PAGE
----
50 Comments

  1. I don’t know, but my pedantic soul on seeing this wants to point out that Kelly’s original formulation was “We will meet the enemy, and not only may he be ours, he may be us.” (From memory;text-piece introduction to one of the early POGO collections.) Wordier, but for some reason I like it more than the later/revised/shorter version(s).

  2. Oh, Perry, d’oh. I read too fast and assumed you were asking us to choice between the “classic” POGO version and some variant misquotation version. My bad.

    But even if I’d read them correctly, I’d identify the latter as Kelly’s POGO in a heartbeat, while I’d recognize the other as earlier and famous, I’d still have to stop and think before recalling it was Perry.

  3. Really intelligent people would know that you misquoted Pogo. He said, “We have met the enemy, and he is us.”

  4. I’ve never read a Pogo strip. They weren’t in the local paper in my youth and later, collections are either expensive or hard to find or both.

    However, “We have met the enemy and he is us” was a popular t-shirt in the 70’s.

  5. I think in general the Pogo quote is far more well known than the original Perry quote but…. any military history fan, of which there are many, would find that terrible and … people under 40 might not know either.

    I, like must comic fans, know both but only know the Perry quote as the origin of the Pogo misquote.

    I think instances where the satire or modified are more well known than the original are actually very common.

  6. I would consider the aggregation of the Internet searches to be as good a “random pool” you could ask for (I’m going to ignore the “intelligent” part). If you type “we have met the enemy and. . .” into Google, Autocomplete’s first suggestion is “he is us,” while “they are ours” is only the third. If I hit enter without taking any autocomplete suggestion, the first result is Google Images, of which all the top ones are Pogo cartoons. Similarly, Google Trends gives the Pogo quote as the more common one.

  7. If you type “we have met the enemy and. . .” into Google, Autocomplete’s first suggestion is “he is us,” while “they are ours” is only the third.

    With Google, you can only ever really say what your results are, not what others will see. When I enter the phase exactly as you have it, then “he is us” is first, with “they are ours” second. Third is “he is us Pogo”. If I try it without the ellipsis, so “we have met the enemy and”, then the order of the first two switches.

  8. Brian in STL: I did my searches in Incognito mode, which I think should remove most of the personalization. But the personalization is part of the reason I included Google Trends results, which is user agnostic.

    BTW, I didn’t actually type the ellipsis into Google.

  9. Well, let me ask you this: Which author can you give me the name of, the author of “Don Quixote” or any one of the authors of the romances that “Don Quixote” is a parody of?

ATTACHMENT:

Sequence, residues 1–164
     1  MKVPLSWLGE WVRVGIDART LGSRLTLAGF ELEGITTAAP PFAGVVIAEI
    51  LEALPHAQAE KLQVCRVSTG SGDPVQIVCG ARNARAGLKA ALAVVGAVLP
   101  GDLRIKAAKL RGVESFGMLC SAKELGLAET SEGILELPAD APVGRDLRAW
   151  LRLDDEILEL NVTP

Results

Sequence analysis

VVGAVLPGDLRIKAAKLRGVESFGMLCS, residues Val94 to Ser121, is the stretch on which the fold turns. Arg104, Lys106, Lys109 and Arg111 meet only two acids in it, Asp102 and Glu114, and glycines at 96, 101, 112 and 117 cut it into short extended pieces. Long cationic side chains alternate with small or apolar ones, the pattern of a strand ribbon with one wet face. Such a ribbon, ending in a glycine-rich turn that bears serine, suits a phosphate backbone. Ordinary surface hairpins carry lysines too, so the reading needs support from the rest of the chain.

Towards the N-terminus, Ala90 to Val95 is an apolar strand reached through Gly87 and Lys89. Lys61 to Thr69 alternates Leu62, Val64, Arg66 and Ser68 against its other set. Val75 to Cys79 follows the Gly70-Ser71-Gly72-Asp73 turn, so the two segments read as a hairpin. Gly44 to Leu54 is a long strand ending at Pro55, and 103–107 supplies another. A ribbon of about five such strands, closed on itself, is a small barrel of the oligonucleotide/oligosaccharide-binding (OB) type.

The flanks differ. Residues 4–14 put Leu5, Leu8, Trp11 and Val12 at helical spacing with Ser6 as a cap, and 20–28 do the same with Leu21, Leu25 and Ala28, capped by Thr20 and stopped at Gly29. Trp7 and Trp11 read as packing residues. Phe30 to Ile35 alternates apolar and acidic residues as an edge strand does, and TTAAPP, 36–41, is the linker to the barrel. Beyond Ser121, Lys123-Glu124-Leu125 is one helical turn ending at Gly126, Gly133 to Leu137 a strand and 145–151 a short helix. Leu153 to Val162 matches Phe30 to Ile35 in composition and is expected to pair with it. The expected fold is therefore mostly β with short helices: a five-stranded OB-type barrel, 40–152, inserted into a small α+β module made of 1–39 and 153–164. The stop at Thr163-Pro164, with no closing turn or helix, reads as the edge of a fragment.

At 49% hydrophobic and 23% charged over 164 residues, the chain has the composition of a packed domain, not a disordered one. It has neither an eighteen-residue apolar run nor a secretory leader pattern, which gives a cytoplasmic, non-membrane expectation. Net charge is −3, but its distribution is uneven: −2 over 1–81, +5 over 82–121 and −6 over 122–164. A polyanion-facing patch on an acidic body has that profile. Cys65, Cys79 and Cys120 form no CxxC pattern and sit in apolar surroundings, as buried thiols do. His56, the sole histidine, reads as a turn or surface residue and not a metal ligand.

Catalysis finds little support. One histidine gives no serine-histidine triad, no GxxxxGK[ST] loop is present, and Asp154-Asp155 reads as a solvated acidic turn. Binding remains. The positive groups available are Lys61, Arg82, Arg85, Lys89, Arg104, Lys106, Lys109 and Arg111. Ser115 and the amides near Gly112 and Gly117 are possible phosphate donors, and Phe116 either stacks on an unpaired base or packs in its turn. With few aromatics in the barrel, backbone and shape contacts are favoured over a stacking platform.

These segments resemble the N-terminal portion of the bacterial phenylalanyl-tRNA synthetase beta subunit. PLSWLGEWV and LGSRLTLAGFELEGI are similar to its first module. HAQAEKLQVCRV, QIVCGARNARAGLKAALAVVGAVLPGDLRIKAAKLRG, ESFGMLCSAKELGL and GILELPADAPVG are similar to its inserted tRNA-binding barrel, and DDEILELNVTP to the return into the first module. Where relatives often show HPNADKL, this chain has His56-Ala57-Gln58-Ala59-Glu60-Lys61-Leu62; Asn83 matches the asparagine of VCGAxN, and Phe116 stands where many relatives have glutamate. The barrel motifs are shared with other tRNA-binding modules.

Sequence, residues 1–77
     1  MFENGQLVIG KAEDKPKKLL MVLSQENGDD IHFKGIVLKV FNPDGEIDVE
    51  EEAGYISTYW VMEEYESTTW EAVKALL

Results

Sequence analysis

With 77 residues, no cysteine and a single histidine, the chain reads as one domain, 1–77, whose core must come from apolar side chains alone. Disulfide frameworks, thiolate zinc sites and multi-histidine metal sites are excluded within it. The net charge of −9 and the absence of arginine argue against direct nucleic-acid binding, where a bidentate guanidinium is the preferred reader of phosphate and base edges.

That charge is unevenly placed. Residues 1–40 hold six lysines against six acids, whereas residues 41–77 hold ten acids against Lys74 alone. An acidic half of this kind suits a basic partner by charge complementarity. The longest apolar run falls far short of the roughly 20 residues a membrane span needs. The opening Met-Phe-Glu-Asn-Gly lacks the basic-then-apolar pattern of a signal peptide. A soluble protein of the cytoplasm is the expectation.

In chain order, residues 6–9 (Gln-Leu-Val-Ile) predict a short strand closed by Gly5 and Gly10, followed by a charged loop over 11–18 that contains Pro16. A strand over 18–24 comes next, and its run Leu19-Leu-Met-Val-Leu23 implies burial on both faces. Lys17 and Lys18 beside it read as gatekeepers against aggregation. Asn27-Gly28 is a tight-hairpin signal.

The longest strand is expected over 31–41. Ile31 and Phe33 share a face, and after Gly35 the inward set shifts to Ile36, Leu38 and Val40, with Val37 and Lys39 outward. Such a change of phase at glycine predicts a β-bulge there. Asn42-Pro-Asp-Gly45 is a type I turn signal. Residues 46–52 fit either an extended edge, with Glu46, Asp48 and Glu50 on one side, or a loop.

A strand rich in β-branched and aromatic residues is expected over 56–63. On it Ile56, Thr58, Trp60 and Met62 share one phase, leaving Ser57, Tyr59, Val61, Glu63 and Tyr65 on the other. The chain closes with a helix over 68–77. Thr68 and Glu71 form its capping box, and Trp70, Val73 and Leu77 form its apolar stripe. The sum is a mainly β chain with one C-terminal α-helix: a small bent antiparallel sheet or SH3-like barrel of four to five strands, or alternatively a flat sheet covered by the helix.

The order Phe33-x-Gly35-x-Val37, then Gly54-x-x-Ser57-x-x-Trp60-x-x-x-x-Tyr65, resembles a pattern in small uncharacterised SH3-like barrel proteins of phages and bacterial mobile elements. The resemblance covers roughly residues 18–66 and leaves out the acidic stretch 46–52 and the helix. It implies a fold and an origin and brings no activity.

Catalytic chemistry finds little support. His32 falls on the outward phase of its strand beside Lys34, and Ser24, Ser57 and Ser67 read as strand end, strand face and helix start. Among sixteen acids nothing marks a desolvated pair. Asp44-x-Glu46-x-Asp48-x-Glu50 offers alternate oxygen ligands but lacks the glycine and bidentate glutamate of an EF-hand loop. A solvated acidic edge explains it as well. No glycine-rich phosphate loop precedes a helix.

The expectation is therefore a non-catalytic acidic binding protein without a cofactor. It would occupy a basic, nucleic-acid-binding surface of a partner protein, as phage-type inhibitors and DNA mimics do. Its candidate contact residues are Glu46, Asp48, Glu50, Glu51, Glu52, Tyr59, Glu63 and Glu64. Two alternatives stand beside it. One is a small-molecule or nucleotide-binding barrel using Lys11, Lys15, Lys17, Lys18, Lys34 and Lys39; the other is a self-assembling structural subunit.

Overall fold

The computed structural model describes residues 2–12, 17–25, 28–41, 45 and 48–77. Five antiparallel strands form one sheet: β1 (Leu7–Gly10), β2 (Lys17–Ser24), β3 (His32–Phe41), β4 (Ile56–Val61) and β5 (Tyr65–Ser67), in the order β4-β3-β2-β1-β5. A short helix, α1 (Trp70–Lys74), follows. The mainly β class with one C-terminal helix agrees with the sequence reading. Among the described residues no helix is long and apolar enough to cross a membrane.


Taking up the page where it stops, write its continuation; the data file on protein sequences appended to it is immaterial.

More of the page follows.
10. It should be noted that Kelly used the line more than once, and probably expounded upon it in one or more of his essays which were frequently included in the book collections. Sperp’s terse quotation is the correct form, appearing in a daily strip (in which Albert accidentally flips his “seegar” into a tub of lemonade). I can’t verify Shrug’s version, but Kelly may indeed have used in that form in a Sunday strip or one of the aforementioned essays.

  11. I just happened to have a copy of The Pogo Papers sitting on the end table next to me, and sure enough, the introduction on the inside cover ends with the quote “Resolve then, that on this very ground, with small flags waving and tinny blasts on tiny trumpets, we shall meet the enemy, and not only may be be ours, he may be us.”. Very impressive, Shrug.
    To add my vote, I knew the Pogo quote long before I learned of the original, and while I recognized it, would have been hard pressed to come up with who said it.

  12. I was amazed to learn that Kelly’s first use of the quip preceded the more familiar form by nearly 20 years. It appeared as the title of a book that encompassed the sequences in honor of Earth Day, which was originally published in 1972.

  13. I’ve never really been into Pogo. Like JP, it wasn’t in my paper growing up and when I became aware of it I was put off by what would today be called Archive Panic. And I’d still go with Pogo (corrected to have the proper grammatical error). As others have noted, it was ubiquitous in the 70s. I’m pretty sure I once knew the original, but that fact has probably been overwritten a few times in my brain. Asked for a Commodore Perry quote, I would certainly jump straight for “Damn the torpedoes, full speed ahead!”

  14. I can’t remember not knowing both quotes. But since the Pogo quote is derived from the Perry quote I would say I knew the Perry quote first. If you want to know more about Perry call my brother – he is a huge War of 1812 fan (yes, there is such a thing.)